Nickel: The big picture
Tim Treadgold writes:
Mincor and Panoramic, two small WA-based nickel-mining specialists, were not the first victims of the crash in the price of the steel-hardening metal, nor will they be the last as over-production and “ghost” stockpiles threaten to drive the price to a level not seen for 20 years.
There are multiple problems with nickel, but the core issue is that it has flipped from being a relatively scarce commodity to one that is readily available.
From a price close to $US30 000 a tonne five years ago, nickel is now selling for $US7900/t, a drop of 74 per cent, rendering an estimated 80 per cent of the the world’s nickel mines unprofitable and driving some high-cost producers, such as Queensland Nickel, into the hands of administrators.
Compounding the supply surplus is the fact that nickel has only one major use – strengthening stainless steel – and with demand for that material slipping away, especially in China, the price has had only one way to go; down.
As if that was not enough to kill the nickel market there are serious questions being asked over the true level of stockpiles, because what you see in the official figures published by the London and Shanghai metal exchanges do not appear to be telling the full story.
Financialisation, a term used to describe the business of using metal as collateral for bank loans, remains an active trade in China despite it being discouraged by government authorities.
The net result is that large amounts of nickel appear to be in private storage in China, hidden from official view, but hanging over the market.
Rounding off an already long list of difficulties is the currency factor, especially in Russia, which is one of the world’s biggest producers of nickel as well as being a country desperate to earn US dollars thanks to the collapse of its own currency, the rouble.
Rather than cutting back nickel output, Russia is increasing production thanks to its competitive currency advantage, ensuring that pressure continues to build in the nickel market.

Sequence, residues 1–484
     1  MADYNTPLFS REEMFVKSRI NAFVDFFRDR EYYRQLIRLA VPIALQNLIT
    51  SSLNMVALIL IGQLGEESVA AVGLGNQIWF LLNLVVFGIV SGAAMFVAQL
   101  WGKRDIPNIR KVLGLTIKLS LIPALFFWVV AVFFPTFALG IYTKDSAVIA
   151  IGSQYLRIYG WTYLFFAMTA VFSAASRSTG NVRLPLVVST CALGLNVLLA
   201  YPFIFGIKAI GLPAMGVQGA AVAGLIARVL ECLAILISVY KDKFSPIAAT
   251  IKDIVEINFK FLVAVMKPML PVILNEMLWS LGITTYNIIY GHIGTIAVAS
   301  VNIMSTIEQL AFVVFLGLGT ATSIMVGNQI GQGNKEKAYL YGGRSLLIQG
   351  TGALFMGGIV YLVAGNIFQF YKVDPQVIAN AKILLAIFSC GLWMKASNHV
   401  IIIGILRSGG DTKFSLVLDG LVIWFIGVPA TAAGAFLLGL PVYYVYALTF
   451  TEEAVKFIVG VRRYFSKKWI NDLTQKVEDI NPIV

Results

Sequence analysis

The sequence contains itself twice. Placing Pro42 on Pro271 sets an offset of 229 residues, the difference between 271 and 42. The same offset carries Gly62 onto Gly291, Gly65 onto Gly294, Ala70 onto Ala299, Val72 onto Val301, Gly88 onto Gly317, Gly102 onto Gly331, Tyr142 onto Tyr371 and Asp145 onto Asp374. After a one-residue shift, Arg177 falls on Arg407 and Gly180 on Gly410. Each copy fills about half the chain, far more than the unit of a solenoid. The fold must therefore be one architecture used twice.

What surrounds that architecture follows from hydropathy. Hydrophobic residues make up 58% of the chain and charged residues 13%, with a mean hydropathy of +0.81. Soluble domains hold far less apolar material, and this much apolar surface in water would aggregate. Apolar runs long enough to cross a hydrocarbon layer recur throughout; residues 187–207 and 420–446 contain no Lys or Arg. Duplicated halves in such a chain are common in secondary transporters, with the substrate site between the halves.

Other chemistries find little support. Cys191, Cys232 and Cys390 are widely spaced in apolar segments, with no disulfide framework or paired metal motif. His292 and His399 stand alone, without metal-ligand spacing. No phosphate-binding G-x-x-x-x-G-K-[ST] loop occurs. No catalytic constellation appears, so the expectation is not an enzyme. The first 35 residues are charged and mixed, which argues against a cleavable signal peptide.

Without a change in this toxic cocktail of excess supply, financialisation, and falling demand the outlook for the nickel industry is dire, with producers much bigger than Mincor and Panoramic being pushed to the brink of closure.
Cold comfort it might be for investors exposed to small nickel stocks such as Mincor, but they might soon see much biggest nickel producers, including BHP Billiton, Glencore, Vale, and First Quantum, forced to mothball their nickel operations to stem cash outflows.
Ceasing on Mincor
Chris Booth writes:
Mincor has been at the mercy of the falling nickel price for months now. As LME stocks remain steady despite the low metal prices, a likely turnaround in the nickel price may not be seen for some time. This marks the end of an era for Mincor and Eureka Report will be ceasing coverage from here.
Since we last reported in August it has been quiet on the announcement front for Mincor as the spot nickel price dropped rapidly, and last week we saw the LME price fall to US$7900 tonne, a price not seen in nearly 13 years. For Mincor, already struggling at prices above US$10000 tonne, this was the expected final nail in the coffin.
On January 27 Mincor announced the implementation of the final stage of their progressive mining strategy. This stage is to place the Mitel and Mariners mines on care and maintenance to preserve capital for when the nickel price strengthens.
On February 10, a $35m dollar net loss was reported in the half-year results. This was heavily attributed to by impairments, depreciation and redundancy costs. The statement also outlines a cash position of around $25m and a net cash position of $19m.
With the volatility of the previous six months in mind, their cash position shows the incredible discipline in its preservation and keeps the balance sheet in a strong position to hopefully ride out what’s left of the downturn.
Also announced late last year was the succession plan for outgoing chief executive Mr David Moore who will be stepping down to a deputy chairman role in early March. Mr Moore has led Mincor since its creation almost 16 years ago, and has provided the passion and strength to compete in the sometimes-difficult nickel market. Ex-chief geologist and now chief operating officer, Mr Peter Muccilli, will be taking over the role as of the February 1.
With $20m in net cash, Mincor is currently trading at around 12 cents, which is a premium to cash backing, currently at around 10 cents.
Whilst still some way from the record sub $US4000 prices seen in 1998, recent forecasts are predicting current prices have generally bottomed, however outlooks on the price growth will be slow, and prices above $US12000 tonne may not been seen until at least 2017. With the recovery of nickel expected to be slow, we do not expect Mincor to be in a position for a restart until at least then if not later.
To make a comeback, Mincor will need some growth. Whilst Mariners mine has most likely seen its last bogger, current feasibilities for Durkin North and Mitel/Burnett are being conducted and can provide this growth while out of production.
With $20m in reserve, adding the costs of these feasibilities, potential ongoing fixed costs and the capital required for a restart, we fully expect Mincor’s cash position to be depleted significantly by this time.
From here we would expect the price to drop below 10 cents a share (DCF Price target 5-7 cents) and thus is not a company we would expect our investors to park their money in, even at the current low price they are too risky. Our sell recommendation stands.
To view Mincor’s forecast and financial summary, click here.